"To require evidence reflected in a statement of facts to establish insufficient notice is to ignore the requirement that notice appear on the face of the indictment. Examination of the indictment, not the evidence is the ultimate test."

Jeffers v. State, 646 S.W.2d 185 (Tex.Cr. App., Nos. 68,114-68,121, delivered February 2, 1983). The rule is even more forceful when the defect claimed is one of substance. American Plant Food Corp. v. State, 508 S.W.2d 598, 603 (Tex.Cr.App. 1974); Articles 27.08, § 1, 21.01, 21.21, and 21.23, V.A.C.C.P. Acts alleged in a charging instrument "must be measured against the law they are supposed to violate," Ex parte Cannon, 546 S.W.2d 266, 270 (Tex.Cr.App.1976) (Odom, J., concurring), and a facial defect may not be cured through application of evidentiary principles of law. Ex parte Kirby, 626, S.W.2d 533, 534 (Tex.Cr.App.1981); compare Victory v. State, 547 S.W.2d 1 (Tex.Cr.App.1976).

The judgment of the Court of Appeals is affirmed.[5]

TEAGUE, J., concurs in result.

McCORMICK, Judge, dissenting.

With its interpretation of Section 21.07, V.T.C.A., the Court today destroys the clear purpose of that statute. As noted in the Practice Commentary, Section 21.07 was designed to punish lewd or indecent acts performed in public "because the conduct proscribed grossly flouts public sensibility." Searcy and Patterson, V.T.C.A., Section 21.07, Practice Commentary. And as noted by another writer, "It is assumed that the acts enumerated are consensual type acts. If not, then other provisions in the chapter would apply ..." 2 Branch's Texas Annotated Penal Statutes, 3rd ed., p. 145, Explanatory Comment.

Section 21.07 provides in pertinent part: "(a) A person commits an offense if he knowingly engages in any of the following acts in a public place or, if not in a public place, he is reckless about whether another is present who will be offended or alarmed by his act: "(1) an act of sexual intercourse; *394 "(2) an act of deviate sexual intercourse; "(3) an act of sexual contact; "(4) an act involving contact between the person's mouth or genitals and the anus or genitals of an animal or fowl."

Section 21.01 provides in part:

"(2) `Sexual contact' means any touching of the anus, breast, or any part of the genitals of another person with intent to arouse or gratify the sexual desire of any person."

The majority's holding that only the party who does the touching (as opposed to the recipient of the touching) can be held responsible for an offense under Section 21.07 ignores the clear language and obvious intent of the section. Further, the majority's attempt to distinguish Jacquez v. State, 579 S.W.2d 247 (Tex.Cr.App.1979), fails miserably.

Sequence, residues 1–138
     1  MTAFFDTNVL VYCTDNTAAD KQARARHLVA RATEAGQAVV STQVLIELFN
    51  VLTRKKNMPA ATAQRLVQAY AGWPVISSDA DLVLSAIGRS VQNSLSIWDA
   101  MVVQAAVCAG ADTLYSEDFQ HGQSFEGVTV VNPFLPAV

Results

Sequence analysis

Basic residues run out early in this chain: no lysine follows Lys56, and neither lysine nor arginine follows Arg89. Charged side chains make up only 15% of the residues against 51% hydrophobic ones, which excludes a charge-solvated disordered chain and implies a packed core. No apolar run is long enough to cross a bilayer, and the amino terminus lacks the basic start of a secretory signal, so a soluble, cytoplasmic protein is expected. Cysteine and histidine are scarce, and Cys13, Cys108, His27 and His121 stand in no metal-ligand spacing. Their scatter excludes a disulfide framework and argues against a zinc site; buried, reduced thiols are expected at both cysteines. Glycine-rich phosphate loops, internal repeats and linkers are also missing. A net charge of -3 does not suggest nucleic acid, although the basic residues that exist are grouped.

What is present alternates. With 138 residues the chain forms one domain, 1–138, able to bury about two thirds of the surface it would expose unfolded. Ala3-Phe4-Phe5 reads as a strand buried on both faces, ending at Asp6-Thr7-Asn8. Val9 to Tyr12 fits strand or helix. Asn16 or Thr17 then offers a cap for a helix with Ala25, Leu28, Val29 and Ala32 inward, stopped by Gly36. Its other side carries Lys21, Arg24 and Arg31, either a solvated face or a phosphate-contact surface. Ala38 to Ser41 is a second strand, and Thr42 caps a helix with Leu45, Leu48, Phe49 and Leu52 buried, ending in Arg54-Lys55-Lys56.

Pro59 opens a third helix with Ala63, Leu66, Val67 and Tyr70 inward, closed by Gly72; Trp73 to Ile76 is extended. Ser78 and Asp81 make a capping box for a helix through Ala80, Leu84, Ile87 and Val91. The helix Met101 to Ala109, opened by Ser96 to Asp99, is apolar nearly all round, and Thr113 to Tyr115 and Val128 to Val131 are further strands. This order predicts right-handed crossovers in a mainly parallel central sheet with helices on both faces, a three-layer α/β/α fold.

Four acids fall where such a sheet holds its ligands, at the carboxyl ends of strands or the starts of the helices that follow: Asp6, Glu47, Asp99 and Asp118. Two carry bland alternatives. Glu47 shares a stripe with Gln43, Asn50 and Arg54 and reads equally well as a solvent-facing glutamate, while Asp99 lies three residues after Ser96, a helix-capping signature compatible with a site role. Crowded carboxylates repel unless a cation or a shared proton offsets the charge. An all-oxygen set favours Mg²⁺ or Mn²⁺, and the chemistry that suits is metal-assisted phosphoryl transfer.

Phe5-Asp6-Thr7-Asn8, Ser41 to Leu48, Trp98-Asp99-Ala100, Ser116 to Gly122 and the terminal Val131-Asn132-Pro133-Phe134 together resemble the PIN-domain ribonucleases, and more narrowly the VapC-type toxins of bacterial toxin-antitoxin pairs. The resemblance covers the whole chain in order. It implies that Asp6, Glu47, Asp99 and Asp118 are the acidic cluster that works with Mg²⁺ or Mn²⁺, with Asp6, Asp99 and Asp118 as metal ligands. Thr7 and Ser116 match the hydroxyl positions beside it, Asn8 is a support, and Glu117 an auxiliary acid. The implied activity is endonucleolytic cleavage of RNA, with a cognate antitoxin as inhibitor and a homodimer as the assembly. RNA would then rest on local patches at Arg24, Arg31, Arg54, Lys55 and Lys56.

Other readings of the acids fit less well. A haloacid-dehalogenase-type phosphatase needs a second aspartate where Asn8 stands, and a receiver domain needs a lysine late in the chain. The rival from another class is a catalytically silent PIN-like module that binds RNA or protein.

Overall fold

Section 21.07, supra, proscribes engaging[1] in an act of sexual contact. Engage has been defined as "to take part; participate." Webster's New Collegiate Dictionary, 150th Anniversary Ed. It follows then that both parties to a sexual contact can be responsible if both parties participate with the requisite culpable mental state.

In the case before us, the information alleged that appellant "did unlawfully then and there knowingly engage in an act of sexual contact with Danny Burks ..." In Jacquez v. State, supra, the defendant was charged with "unlawfully engaging in sexual contact with [two named victims] ... by forcing both said minors to touch [defendant's] exposed penis." The defendant argued that "sexual contact was not shown because he forced the complainants to touch his genitals, and that sexual contact occurs only when the accused touches the victim's genitals. The Court then stated:

"We agree with appellant that the statutory definition of sexual contact seems to contemplate that sexual contact occurs when the accused touches the victim's genitals, and not vice versa. However, the statutory definition of indecency with a child provides that a person commits an offense if he `engages in sexual contact with the child ...' By grabbing the complainants and forcing them to `touch and scrub' appellant's penis, appellant engaged in sexual contact with the complainants." (Emphasis in original.) Jacquez, supra, at 249.

Similarly, the statute now before us requires that an accused knowingly engage in an act of sexual contact. The only difference between an offense under Section 21.07 and 21.11 (Indecency with a child, Jacquez v. State, supra) is that under Section 21.11 the engagement must be with a child younger than 17 years. It may be true that "the statutory definition of sexual contact seems to contemplate that sexual contact occurs when the accused touches the victim," but it is likewise true that the statutory definition of public lewdness contemplates that both parties engaged in an act of sexual contact are guilty. Sexual contact is not a statutorily defined offense. It is merely one element of public lewdness. This the majority overlooks. The majority, in concluding as they have, have rewritten Section 21.07 to say that a person is guilty if he "commits an act of sexual contact" rather than "engages in an act of sexual contact."

To this judicial legislation, I vigorously dissent.

W.C. DAVIS and CAMPBELL, JJ., join in this dissent.

NOTES

[1] In a nightclub undercover vice officers observed appellant and another male hugging and kissing each other on their lips. Appellant then rubbed the genitals of his companion; his companion in turn rubbed the genitals of appellant. Following their arrest the prosecution here is not for appellant's affirmative act of touching, but for his "allowing" Burks to touch genitals.

[2] All emphasis is added throughout by the writer of this opinion unless otherwise indicated.

[3] For our present purposes as used in the penal code, "act" means "a bodily movement," § 1.07(a)(1).

[4] We have omitted an excerpt from the section cited.

[5] We have addressed only the first major issue resolved by the Court of Appeals and, since the cause must be reversed and remanded on that score, we pretermit a determination of whether the motion to quash for ambiguity in the information should have been sustained.

[1] All emphasis by writer unless otherwise noted.